Remember, GeneSight and their competitors refuse to release the proprietary algorithms they use to make predictions. They refuse to let any independent researchers study whether their technique works. They dismiss all the independent scientists saying that their claims are impossible by arguing that they’re light-years ahead of mainstream science and can do things that nobody else can. If you believed them before, you should be more cautious now. They are not light-years ahead of mainstream science. They took some genes that mainstream science had made a fuss over and claimed they could use them to predict depression. Now we think they were wrong about those. What are the chances they’re right about the others?

So far, there appears to be little or no reliable evidence that such testing is useful. That’s not to say that it can’t ever be, just that the people who are trying to sell it to you right now don’t have a very strong case. Psychiatric indications, out of the entire landscape of medical therapy, are really the most difficult and treacherous region to try to navigate with any sorts of molecule-level explanations. We don’t know enough to get that granular. We really don’t. If you start digging into the details of depression, anxiety, OCD, bipolar disorder and all the rest, the molecular and cellular-level explanations start coming apart in your hands like wet tissue paper. The field is littered with failed hypotheses, with just-so stories and compelling-but-wrong correlations, and with sources of unreliable data ranging from big, expensive, and completely honest efforts all the way down to plenty of outright charlatanry. Caveat emptor, and how.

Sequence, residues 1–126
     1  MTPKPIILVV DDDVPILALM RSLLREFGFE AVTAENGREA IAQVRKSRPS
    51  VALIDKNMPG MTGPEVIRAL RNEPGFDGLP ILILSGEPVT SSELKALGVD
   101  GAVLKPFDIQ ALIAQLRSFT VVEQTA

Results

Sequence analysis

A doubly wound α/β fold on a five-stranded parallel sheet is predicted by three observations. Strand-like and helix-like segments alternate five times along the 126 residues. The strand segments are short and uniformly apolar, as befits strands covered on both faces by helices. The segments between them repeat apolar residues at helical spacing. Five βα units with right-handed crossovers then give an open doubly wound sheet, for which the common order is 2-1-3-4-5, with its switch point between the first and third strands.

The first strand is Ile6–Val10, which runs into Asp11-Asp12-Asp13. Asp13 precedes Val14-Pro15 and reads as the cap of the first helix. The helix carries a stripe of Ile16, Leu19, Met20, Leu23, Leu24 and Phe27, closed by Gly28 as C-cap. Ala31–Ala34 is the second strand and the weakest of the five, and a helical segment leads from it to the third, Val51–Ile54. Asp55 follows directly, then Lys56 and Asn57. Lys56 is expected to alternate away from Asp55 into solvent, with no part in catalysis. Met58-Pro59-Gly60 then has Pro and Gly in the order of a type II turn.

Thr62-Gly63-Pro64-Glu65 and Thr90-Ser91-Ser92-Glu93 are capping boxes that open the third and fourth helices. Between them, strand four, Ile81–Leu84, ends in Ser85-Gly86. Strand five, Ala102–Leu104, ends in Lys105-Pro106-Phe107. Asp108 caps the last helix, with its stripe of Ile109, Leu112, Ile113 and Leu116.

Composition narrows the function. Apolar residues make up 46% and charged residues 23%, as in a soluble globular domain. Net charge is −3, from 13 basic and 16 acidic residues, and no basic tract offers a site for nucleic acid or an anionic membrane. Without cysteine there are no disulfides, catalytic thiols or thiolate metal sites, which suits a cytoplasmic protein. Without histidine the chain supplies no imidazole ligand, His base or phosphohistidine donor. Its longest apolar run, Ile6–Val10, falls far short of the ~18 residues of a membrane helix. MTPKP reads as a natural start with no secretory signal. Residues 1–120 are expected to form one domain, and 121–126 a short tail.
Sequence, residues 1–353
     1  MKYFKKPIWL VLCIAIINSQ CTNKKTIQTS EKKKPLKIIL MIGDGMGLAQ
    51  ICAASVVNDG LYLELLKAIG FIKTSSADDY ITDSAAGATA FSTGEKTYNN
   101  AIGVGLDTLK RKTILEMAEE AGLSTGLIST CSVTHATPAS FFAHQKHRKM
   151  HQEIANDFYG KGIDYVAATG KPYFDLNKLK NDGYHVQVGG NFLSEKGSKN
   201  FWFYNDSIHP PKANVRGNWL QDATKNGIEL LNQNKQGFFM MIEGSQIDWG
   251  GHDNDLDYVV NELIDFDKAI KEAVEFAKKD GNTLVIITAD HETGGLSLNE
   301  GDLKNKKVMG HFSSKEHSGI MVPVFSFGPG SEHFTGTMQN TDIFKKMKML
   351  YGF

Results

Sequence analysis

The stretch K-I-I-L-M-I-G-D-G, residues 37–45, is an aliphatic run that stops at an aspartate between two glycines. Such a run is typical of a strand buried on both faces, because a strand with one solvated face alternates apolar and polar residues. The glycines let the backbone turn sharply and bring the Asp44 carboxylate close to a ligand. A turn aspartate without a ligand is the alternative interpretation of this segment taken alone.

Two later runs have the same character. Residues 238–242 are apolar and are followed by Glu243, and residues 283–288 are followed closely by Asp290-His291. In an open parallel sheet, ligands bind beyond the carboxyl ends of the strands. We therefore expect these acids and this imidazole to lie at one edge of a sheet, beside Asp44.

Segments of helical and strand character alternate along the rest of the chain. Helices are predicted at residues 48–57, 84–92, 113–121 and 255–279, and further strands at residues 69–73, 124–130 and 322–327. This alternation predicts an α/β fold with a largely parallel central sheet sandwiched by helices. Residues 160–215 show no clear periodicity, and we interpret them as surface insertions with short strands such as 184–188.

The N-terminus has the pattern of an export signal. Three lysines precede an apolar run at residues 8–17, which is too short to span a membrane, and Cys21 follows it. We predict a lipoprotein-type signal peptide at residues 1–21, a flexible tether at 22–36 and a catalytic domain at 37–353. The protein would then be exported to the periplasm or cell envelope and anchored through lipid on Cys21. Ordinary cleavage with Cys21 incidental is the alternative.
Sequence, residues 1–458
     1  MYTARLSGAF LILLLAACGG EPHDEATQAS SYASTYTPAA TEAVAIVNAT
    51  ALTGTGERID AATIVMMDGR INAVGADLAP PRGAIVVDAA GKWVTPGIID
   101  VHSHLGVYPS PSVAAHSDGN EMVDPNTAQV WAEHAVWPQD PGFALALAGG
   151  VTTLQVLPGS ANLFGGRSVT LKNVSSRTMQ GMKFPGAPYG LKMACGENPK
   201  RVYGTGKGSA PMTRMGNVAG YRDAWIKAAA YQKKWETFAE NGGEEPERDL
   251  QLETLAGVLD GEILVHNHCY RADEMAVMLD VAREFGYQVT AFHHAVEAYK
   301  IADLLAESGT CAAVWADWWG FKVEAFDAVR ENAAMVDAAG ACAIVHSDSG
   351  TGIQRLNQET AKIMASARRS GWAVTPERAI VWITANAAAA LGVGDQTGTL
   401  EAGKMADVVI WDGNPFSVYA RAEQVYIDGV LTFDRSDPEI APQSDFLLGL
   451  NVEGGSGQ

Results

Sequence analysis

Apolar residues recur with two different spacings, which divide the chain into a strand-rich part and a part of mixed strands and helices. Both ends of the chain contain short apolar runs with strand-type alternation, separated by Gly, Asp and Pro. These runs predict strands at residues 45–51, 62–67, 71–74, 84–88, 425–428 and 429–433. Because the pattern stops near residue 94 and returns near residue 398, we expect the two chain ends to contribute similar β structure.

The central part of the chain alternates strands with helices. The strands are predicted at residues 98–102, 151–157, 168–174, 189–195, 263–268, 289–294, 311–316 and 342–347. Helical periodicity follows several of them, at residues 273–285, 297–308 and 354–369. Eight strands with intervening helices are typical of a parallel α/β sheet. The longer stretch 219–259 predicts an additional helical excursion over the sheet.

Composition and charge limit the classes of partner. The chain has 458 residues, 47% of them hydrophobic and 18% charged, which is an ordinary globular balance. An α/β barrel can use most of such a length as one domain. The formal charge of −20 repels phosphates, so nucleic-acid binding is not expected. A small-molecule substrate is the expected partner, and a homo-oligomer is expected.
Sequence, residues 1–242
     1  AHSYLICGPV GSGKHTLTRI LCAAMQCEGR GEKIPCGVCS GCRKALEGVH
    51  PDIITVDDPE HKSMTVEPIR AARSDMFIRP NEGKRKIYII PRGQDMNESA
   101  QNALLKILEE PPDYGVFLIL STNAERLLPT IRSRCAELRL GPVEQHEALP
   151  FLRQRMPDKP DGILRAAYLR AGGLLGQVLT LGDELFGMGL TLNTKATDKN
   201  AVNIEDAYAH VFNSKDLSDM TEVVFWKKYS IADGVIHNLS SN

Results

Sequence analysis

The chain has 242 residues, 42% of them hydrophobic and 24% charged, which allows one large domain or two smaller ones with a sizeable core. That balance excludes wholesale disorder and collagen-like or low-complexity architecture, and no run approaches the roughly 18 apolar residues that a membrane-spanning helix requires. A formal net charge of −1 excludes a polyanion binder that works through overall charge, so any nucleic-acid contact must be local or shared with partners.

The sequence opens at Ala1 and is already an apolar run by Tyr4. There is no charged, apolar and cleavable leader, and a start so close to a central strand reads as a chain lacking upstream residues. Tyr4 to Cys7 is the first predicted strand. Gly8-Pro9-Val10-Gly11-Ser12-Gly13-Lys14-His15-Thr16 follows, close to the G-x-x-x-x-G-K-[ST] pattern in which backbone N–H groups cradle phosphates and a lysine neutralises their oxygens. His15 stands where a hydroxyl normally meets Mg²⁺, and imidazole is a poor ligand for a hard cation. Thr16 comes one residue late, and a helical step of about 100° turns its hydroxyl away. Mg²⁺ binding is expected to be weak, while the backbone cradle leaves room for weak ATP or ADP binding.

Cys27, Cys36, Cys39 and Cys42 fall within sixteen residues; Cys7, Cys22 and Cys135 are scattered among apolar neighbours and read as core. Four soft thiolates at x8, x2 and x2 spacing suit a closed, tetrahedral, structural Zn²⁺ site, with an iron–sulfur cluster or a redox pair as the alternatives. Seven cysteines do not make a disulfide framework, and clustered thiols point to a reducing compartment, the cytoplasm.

39 comments on “There Is No “Depression Gene””

  1. John Wayne says:

    But fast sequencing is going to change the world … I think you need to look at the marketing materials again.

    I use a person’s perceptions of the relevance of gene sequencing as a litmus test for understanding what is going on.

    1. Joseph McGraw says:

      I would like to note that increased sample size isnt always better. Depression as a phenotype likely has multiple forms and some candidate genes are important for some forms but the signal gets lost as noise in a large population. I’m not saying I think there is a monogenic relationship but I think we are often too quick to throw out data. Almost as quick as we are to throw it out into the literature. Best JM

  2. Mad Chemist says:

    This sounds exactly like what you were talking about in your post “Too Much Wasted Time” a week ago. How much of this could be avoided if people were more willing to question their results instead of rushing out publications.

    1. Derek Lowe says:

      It is indeed. The incentives are there to turn out papers like the hundreds of publications building on these nonexistent correlations, though, and that’s what we get. It needs to change, but until it does (if ever), we as scientists have to be on our guards.

      1. loupgarous says:

        As long as the disincentives for publishing studies like that are few (how many public wallopings with a wire brush are handed out in science in general for assertions of effects that aren’t really present?) we’ll still see the studies.

        You have to be way out there like the NASA-funded researcher who announced an extremophile used arsenic where the rest of life uses phosphorus before the hoopla dies down, the bullroarers sound and researchers are admonished out loud for irreproducible results propped up by creation of a few small arsenate molecules.

      2. Kayarros says:

        This seems like bad science in the other direction. To proclaim that genes have absolutely no effect on depression because a review was done on some candidate polymorphisms is akin to examining atmosphere of earth and proclaiming that the entire universe is comprised of oxygen and nitrogen so no need to look further.

        1. loupgarous says:

          “Absence of evidence is not evidence of absence”, but “extraordinary claims require extraordinary proof”, as well.

          Has anyone supplied a strong enough coat rack on which published assertions that polymorphisms in 5-HTTLPR are responsible for everything from depression to a tendency toward nostalgia can hang? That’s a serious question.

        2. Isidore says:

          I am not sure who is arguing that “genes have absolutely no effect on depression”. The paper concludes as follows: